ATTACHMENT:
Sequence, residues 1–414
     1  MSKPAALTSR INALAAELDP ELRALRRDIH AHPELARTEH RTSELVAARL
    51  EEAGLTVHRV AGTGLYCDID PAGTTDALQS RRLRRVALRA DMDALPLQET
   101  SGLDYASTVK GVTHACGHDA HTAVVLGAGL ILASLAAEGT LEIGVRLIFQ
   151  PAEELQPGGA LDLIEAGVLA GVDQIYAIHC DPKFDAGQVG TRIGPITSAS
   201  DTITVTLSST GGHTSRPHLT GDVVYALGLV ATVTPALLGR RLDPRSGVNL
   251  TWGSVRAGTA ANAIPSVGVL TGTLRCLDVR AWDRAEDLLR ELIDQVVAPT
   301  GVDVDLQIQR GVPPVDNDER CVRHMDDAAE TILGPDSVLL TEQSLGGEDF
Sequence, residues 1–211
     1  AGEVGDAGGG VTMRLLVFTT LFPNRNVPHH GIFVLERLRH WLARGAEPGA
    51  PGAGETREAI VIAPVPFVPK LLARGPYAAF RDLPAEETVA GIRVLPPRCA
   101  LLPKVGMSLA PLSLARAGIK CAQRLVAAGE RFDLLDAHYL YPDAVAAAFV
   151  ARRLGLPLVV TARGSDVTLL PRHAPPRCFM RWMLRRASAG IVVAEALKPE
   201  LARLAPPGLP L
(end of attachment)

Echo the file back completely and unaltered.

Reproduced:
Sequence, residues 1–414
     1  MSKPAALTSR INALAAELDP ELRALRRDIH AHPELARTEH RTSELVAARL
    51  EEAGLTVHRV AGTGLYCDID PAGTTDALQS RRLRRVALRA DMDALPLQET
   101  SGLDYASTVK GVTHACGHDA HTAVVLGAGL ILASLAAEGT LEIGVRLIFQ
   151  PAEELQPGGA LDLIEAGVLA GVDQIYAIHC DPKFDAGQVG TRIGPITSAS
   201  DTITVTLSST GGHTSRPHLT GDVVYALGLV ATVTPALLGR RLDPRSGVNL
   251  TWGSVRAGTA ANAIPSVGVL TGTLRCLDVR AWDRAEDLLR ELIDQVVAPT
   301  GVDVDLQIQR GVPPVDNDER CVRHMDDAAE TILGPDSVLL TEQSLGGEDF
Sequence, residues 1–211
     1  AGEVGDAGGG VTMRLLVFTT LFPNRNVPHH GIFVLERLRH WLARGAEPGA
    51  PGAGETREAI VIAPVPFVPK LLARGPYAAF RDLPAEETVA GIRVLPPRCA
   101  LLPKVGMSLA PLSLARAGIK CAQRLVAAGE RFDLLDAHYL YPDAVAAAFV
   151  ARRLGLPLVV TARGSDVTLL PRHAPPRCFM RWMLRRASAG IVVAEALKPE
   201  LARLAPPGLP L